Algernon: Please don’t touch the cucumber sandwiches. They were made especially for Aunt Augusta.
            Jack: Well, you have been eating all the time.
            Algernon: That is quite a different matter; she is my aunt!

          • AThornAmongRoses

            I’m definitely going to reread it, that sounds funny 🙂

      • Jay Mockingbird

        I knew about them as a kid and I’m American. It’s not that uncommon, it just depends on what you’re introduced to. I still love scones when I can buy them or get the ingredients to make them.

      • Bonnie Huffington

        You can buy scone mixes at most grocery stores (in the regular baking section, not the international) and cucumber sandwiches are god in the summer heat. Plus how many Anglophiles are out there?

        • AThornAmongRoses

          ME! 🙂

        • MarvelGirl27

          Anglophile RIGHT Here!!! I’ve been drinking hot tea and having my own little tea parties since I was 10! I’m also moving to the UK when I retire. I’ve been in LOVE with the UK and especially Scotland pretty much all my life. I visit every year. Can’t WAIT to retire! LOL!!!

      • AThornAmongRoses

        I knew about them when I was a kid because my grandmother used to take me to a tea shop for tea all the time, and the cucumber sandwiches and scones with Devonshire cream were my favourites.

        • Sonya

          I LOVE Devonshire cream. The only place that I can find it is Central Market which is about an hour away from me. So it’s quite a treat for me.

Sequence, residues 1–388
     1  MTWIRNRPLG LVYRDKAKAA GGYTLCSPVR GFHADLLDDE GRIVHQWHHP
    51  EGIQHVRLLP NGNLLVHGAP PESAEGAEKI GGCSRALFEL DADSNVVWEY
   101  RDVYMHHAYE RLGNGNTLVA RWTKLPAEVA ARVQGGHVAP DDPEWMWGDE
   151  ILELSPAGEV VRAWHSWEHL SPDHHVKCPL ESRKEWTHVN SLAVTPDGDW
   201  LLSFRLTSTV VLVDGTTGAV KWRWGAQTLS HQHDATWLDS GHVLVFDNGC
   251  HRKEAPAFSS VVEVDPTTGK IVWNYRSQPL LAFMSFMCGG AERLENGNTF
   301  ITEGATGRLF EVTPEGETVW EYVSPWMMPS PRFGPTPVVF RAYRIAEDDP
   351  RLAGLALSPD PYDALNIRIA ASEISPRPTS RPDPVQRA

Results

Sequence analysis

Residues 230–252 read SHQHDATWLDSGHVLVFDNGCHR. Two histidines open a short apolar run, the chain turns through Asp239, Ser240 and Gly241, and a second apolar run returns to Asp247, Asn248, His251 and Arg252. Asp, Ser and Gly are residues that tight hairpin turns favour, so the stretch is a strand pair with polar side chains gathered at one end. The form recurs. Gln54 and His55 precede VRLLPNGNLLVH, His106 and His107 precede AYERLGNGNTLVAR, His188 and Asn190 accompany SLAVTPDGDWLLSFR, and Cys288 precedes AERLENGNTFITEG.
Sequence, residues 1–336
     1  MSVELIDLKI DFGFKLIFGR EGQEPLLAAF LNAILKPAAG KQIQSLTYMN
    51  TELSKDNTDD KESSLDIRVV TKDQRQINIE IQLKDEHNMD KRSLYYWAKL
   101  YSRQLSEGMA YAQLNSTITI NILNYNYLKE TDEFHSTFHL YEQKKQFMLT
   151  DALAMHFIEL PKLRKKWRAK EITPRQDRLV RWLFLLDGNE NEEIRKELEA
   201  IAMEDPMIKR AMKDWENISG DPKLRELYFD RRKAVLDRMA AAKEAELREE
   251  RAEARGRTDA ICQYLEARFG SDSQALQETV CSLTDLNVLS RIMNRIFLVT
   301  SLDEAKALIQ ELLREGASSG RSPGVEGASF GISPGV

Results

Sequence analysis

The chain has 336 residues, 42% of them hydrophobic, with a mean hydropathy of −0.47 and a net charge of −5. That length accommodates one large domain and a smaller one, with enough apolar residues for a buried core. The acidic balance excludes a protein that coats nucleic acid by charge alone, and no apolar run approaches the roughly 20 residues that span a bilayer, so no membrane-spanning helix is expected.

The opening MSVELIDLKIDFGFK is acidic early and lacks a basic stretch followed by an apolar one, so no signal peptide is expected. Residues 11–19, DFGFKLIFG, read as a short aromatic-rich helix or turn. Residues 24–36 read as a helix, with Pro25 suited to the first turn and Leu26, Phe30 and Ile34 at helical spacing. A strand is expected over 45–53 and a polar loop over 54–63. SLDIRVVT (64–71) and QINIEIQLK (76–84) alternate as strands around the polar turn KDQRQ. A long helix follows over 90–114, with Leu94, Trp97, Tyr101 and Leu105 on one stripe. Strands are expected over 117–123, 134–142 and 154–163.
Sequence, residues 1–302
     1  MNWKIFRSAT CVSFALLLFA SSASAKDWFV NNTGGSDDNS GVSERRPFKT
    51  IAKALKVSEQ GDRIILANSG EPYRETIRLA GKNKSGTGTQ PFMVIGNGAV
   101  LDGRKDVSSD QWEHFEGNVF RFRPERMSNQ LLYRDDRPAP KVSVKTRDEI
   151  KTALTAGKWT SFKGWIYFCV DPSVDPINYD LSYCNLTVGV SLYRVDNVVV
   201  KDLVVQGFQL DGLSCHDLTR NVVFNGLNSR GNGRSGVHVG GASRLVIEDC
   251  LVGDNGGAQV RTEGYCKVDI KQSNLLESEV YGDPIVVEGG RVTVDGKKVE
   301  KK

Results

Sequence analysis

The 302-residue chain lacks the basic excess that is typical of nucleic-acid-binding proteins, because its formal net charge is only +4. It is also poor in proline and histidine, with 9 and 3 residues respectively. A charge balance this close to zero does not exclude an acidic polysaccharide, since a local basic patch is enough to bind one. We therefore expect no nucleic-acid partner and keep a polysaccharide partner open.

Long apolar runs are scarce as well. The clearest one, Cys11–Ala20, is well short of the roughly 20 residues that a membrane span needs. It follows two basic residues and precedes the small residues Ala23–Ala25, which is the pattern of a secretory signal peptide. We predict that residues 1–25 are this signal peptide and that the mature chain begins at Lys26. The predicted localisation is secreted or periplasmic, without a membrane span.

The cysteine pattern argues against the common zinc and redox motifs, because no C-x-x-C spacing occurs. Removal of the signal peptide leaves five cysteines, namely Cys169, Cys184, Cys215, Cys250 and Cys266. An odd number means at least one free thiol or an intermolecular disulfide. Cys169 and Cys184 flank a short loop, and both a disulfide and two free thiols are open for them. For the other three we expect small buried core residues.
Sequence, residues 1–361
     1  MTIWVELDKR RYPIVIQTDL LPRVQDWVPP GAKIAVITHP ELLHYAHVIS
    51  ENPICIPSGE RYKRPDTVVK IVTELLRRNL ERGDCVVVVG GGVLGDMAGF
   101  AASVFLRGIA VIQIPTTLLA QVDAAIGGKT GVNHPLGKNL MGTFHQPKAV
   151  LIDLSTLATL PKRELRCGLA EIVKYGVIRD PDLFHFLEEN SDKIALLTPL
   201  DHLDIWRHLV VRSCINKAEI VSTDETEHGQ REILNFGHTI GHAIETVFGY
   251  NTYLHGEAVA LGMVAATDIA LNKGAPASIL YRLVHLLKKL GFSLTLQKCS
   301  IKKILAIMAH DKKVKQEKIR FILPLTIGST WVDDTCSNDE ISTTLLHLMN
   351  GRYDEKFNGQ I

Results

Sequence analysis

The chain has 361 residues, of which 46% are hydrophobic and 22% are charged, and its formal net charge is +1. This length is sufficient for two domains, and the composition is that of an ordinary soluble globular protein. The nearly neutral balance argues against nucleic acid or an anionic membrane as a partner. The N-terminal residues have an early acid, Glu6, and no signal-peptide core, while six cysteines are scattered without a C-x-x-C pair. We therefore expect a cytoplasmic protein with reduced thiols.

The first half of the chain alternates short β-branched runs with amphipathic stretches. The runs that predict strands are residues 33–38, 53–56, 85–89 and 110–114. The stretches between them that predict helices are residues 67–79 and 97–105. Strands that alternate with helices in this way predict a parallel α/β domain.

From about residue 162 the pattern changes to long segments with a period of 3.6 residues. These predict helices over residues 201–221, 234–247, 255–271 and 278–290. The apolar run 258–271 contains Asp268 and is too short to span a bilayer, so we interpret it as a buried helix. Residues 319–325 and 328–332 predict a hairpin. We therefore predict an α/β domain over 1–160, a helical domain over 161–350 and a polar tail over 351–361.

• AThornAmongRoses

            Out of curiosity, what country are you in? Sometimes you can find sites where you can order Devonshire cream online, if they deliver to your country.

          • Sonya

            United States. And the only place where I can get it delivered is Amazon and it costs way, way more than if I were to drive to Central Market.

          • AThornAmongRoses

            I’m sorry 🙁

      • Katy A

        A Shooting Star by Sheila Solomon Klass (a novel about Annie Oakley) featured a tea scene with cucumber sandwiches. It was one of my favorite books as a kid.

      • cylon_toast

        I’m not american, I’m canadian but I know scones. I even made some while marathoning Doctor Who and drinking earl grey.

        • Raven Odette

          See when I’m Marathoning Doctor Who I usually go for 100 tacos

          • Max

            I personally go for Minstrels. Would have done Jelly Babies but I don’t like Jelly Babies.

          • cylon_toast

            Yum! Tacos!

      • Vulpis

        No, that’d be if they were expecting herring pate and/or caviar on crackers.

      • jokergirl129

        I’m American and I know about scones and cucumber sandwiches especially when it comes to tea parties. Depending on what books or TV shows you watch they’re often mention whenever a tea party is involved. So the teenagers in the story knowing about them isn’t that odd to me.

      • Crystal Lee Owens

        Excuse you, scones are sold in most coffee shops and cucumber sandwiches are the height of children’s stories about ‘fancy food’ (other than snails). You must not have read any of the stories we did growing up.

    • Robert Carnegie

      Alice in Wonderland would account for it.

      I’m wondering why the Tea Party were protesting a library. That sounds like one for the Know-Nothing Party.

      • JAFischer

        All them librul sciency books and books that don’t deify the Founders annoy them.

      • Mechwarrior

        Probably because public libraries will provide spaces to hold such rallies without charge.

      • BMK

        The first step to oppression is to attack and destroy all knowledge!

        Probably not what was happening here though. Mechwarrior is probably closer to it than I. 😛

    • Catherine Stone

      I grew up in a tea drinking family. I regularly drank it starting as a youngster.

      So, I was one of those kids who went out of their way for tea.

    • KatDuck